26049

Letter from Oliver Cowdery, 6 November 1829

begin to write of the mercies of God I know not when to Stop but time and paper fails I would inform that Hyram Hyrum Smith

9 Feb. 1800–27 June 1844. Farmer, cooper. Born at Tunbridge, Orange Co., Vermont. Son of Joseph Smith Sr. and Lucy Mack. Moved to Randolph, Orange Co., 1802; to Tunbridge, before May 1803; to Royalton, Windsor Co., Vermont, 1804; to Sharon, Windsor Co., by...

View Full Bio
and Martin Harris

18 May 1783–10 July 1875. Farmer. Born at Easton, Albany Co., New York. Son of Nathan Harris and Rhoda Lapham. Moved with parents to area of Swift’s landing (later in Palmyra), Ontario Co., New York, 1793. Married first his first cousin Lucy Harris, 27 Mar...

View Full Bio
went out to fayette

Located in northern part of county between Seneca and Cayuga lakes. Area settled, by 1790. Officially organized as Washington Township, 14 Mar. 1800. Name changed to Fayette, 6 Apr. 1808. Population in 1830 about 3,200. Population in 1840 about 3,700. Significant...

More Info
last week they had a joyful time and found all in as good health as could be expected Martin

18 May 1783–10 July 1875. Farmer. Born at Easton, Albany Co., New York. Son of Nathan Harris and Rhoda Lapham. Moved with parents to area of Swift’s landing (later in Palmyra), Ontario Co., New York, 1793. Married first his first cousin Lucy Harris, 27 Mar...

View Full Bio
thinks of comeing to the South8

A reference to Harmony, Pennsylvania, where JS and Emma Smith were living.  


in the course of two or three weeks and will callculate to take back that horse9

JS commented in his 22 October 1829 letter that he had purchased a horse from Josiah Stowell and wanted “some one to come after it.” (Letter to Oliver Cowdery, 22 Oct. 1829.)  


the printing goes rather Slow yet as the type founder has been sick10

Cowdery was likely referring to a compositor or typesetter, whose ill health would have certainly delayed the process. Founding—that is, cutting and casting—type was a highly specialized skill, and none of those assisting with the printing of the Book of Mormon is known to have been a type founder. It is possible that JS made a transcription error when he copied this letter into the letterbook.  


but we expect that the type will be on and Mr, Granden Egbert B. Grandin

30 Mar. 1806–16 Apr. 1845. Printer, newspaper editor and publisher, butcher, shipper, tanner. Born in Freehold, Monmouth Co., New Jersey. Son of William Grandin and Amy Lewis. Moved to Williamson, Ontario Co., New York, by 1810; to Pultneyville, Ontario Co...

View Full Bio
Still think he will finish printing by the first of febuary11

The printing of the Book of Mormon was completed in March 1830, and the volume was first advertised for sale in the Wayne Sentinel, a newspaper also published in Grandin’s shop. (John H. Gilbert, Memorandum, 8 Sept. 1892, photocopy, CHL; “The Book of Mormon,” Wayne Sentinel [Palmyra, NY], 26 Mar. 1830, [3].)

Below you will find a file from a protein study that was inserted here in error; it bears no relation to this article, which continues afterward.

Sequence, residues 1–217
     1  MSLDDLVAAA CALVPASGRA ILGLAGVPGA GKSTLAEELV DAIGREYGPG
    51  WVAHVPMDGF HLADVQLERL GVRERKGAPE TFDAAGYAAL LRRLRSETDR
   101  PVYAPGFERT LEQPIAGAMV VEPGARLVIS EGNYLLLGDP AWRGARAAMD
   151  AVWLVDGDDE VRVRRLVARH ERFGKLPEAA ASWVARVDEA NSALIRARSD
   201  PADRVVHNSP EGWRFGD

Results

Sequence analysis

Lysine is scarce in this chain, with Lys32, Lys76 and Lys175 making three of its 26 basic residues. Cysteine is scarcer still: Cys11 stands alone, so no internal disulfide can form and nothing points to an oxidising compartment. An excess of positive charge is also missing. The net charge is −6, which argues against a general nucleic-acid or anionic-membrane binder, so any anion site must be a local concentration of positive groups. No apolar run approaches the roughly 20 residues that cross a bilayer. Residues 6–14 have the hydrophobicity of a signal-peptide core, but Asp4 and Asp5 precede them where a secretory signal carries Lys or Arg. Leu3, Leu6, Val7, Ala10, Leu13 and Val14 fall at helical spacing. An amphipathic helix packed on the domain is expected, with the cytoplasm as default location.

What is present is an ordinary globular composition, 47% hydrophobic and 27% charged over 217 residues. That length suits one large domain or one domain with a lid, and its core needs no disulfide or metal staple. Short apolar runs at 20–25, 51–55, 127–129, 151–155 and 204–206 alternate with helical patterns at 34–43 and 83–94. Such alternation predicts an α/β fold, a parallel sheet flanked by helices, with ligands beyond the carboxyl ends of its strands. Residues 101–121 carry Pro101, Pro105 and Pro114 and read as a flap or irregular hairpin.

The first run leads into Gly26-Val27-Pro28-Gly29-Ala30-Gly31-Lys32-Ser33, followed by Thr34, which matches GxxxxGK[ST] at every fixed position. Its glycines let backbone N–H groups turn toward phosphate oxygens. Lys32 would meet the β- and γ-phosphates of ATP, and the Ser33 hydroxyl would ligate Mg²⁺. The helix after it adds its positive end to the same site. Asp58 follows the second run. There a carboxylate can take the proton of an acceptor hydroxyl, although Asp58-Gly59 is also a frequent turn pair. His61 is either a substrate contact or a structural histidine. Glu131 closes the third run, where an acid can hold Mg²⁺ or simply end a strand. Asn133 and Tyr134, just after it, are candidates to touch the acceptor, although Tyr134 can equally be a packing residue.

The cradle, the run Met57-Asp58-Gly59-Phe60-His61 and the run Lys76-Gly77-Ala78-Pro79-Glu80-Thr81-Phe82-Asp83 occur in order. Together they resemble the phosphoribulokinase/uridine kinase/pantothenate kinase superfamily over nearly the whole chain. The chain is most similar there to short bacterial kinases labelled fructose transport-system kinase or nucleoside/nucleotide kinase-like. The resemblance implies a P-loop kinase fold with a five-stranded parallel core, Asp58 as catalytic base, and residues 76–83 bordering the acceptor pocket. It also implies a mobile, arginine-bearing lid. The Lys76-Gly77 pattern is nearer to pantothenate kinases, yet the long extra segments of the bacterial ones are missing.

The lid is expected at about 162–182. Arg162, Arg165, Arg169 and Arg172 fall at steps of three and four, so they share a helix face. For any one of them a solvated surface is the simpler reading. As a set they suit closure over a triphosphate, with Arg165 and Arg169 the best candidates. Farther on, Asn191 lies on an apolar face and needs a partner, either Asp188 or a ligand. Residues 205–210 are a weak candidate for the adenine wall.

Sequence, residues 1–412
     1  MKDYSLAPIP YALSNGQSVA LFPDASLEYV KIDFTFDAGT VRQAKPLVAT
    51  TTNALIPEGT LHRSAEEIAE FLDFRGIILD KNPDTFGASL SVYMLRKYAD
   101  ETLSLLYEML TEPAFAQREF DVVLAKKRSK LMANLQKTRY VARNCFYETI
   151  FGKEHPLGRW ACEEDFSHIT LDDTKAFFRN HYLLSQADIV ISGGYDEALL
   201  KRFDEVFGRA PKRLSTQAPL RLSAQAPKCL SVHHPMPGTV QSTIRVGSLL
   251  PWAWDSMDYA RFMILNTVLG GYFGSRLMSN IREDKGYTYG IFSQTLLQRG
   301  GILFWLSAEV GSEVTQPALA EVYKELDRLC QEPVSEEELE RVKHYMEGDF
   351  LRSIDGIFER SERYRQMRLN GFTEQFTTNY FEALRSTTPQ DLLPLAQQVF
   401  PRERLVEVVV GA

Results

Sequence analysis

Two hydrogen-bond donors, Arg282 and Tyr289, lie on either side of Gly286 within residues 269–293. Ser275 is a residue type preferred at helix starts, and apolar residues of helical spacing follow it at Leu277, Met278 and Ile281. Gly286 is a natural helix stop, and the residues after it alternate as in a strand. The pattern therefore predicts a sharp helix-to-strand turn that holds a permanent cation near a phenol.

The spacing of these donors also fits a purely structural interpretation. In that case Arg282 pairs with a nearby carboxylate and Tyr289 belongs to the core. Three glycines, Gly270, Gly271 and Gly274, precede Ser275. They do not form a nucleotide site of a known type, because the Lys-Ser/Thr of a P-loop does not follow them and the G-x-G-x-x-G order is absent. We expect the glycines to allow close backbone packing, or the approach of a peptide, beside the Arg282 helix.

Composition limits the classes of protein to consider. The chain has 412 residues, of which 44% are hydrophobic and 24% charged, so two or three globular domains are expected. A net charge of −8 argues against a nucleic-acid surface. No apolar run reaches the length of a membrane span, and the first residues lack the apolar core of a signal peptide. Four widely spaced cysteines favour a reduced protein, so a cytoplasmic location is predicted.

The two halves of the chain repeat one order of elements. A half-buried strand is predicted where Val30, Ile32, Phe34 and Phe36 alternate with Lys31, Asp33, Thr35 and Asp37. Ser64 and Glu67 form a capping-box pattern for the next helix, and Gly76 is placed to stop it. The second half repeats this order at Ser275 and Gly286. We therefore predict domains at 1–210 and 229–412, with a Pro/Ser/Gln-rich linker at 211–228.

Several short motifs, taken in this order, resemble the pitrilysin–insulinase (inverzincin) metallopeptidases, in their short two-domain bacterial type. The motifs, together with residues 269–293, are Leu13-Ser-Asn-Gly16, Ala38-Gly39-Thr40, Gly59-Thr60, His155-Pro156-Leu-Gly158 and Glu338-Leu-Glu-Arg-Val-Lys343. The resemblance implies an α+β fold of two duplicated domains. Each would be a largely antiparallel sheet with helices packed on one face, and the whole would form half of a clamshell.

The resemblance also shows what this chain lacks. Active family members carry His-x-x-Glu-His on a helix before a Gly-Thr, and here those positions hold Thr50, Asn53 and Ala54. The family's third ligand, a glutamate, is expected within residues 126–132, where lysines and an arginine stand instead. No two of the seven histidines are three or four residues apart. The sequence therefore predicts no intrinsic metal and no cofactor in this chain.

we all send respects to yourself and Emma

10 July 1804–30 Apr. 1879. Scribe, editor, boardinghouse operator, clothier. Born at Willingborough Township (later in Harmony), Susquehanna Co., Pennsylvania. Daughter of Isaac Hale and Elizabeth Lewis. Member of Methodist church at Harmony (later in Oakland...

View Full Bio
——
My dear Brother I cannot hardly feel to close this letter as yet without informing you that we received one from Mr— Thomas B. Marsh

1 Nov. 1800–Jan. 1866. Farmer, hotel worker, waiter, horse groom, grocer, type foundry worker, teacher. Born at Acton, Middlesex Co., Massachusetts. Son of James Marsh and Molly Law. Married first Elizabeth Godkin, 1 Nov. 1820, at New York City. Moved to ...

View Full Bio
from Boston

Capital city located on eastern seaboard of Massachusetts at mouth of Charles River. Founded by English Puritans, 1630; received city charter, 1822. Population in 1820 about 43,000; in 1830 about 61,000; and in 1840 about 93,000. JS’s ancestor Robert Smith...

More Info
Masacuchusetts [Massachusetts] dated the 25th Oct. he informs us that he wishes to hear from us and know of our wellfare he says he has talked considerable to Some respecting our work12

Although Marsh’s letter is not extant, in a later history he wrote that after becoming familiar with the Book of Mormon during its printing, he “corresponded with Oliver Cowdery & Jos Smith.” During a trip from his home in Charlestown, Massachusetts, to New York in late summer or early fall 1829, Marsh visited Harris at Grandin’s printing office and obtained from him a proof sheet of the first sixteen pages of the Book of Mormon. He took the pages home to show members of his family, and he and his wife, Elizabeth, became early believers in JS’s work. (“T B Marsh,” [1], Historian’s Office, Histories of the Twelve, ca. 1858–1880, CHL; see also Thomas B. Marsh and Elizabeth Godkin Marsh to Lewis Abbott and Ann Marsh Abbott, [ca. 11 Apr. 1831], Abbott Family Collection, CHL.)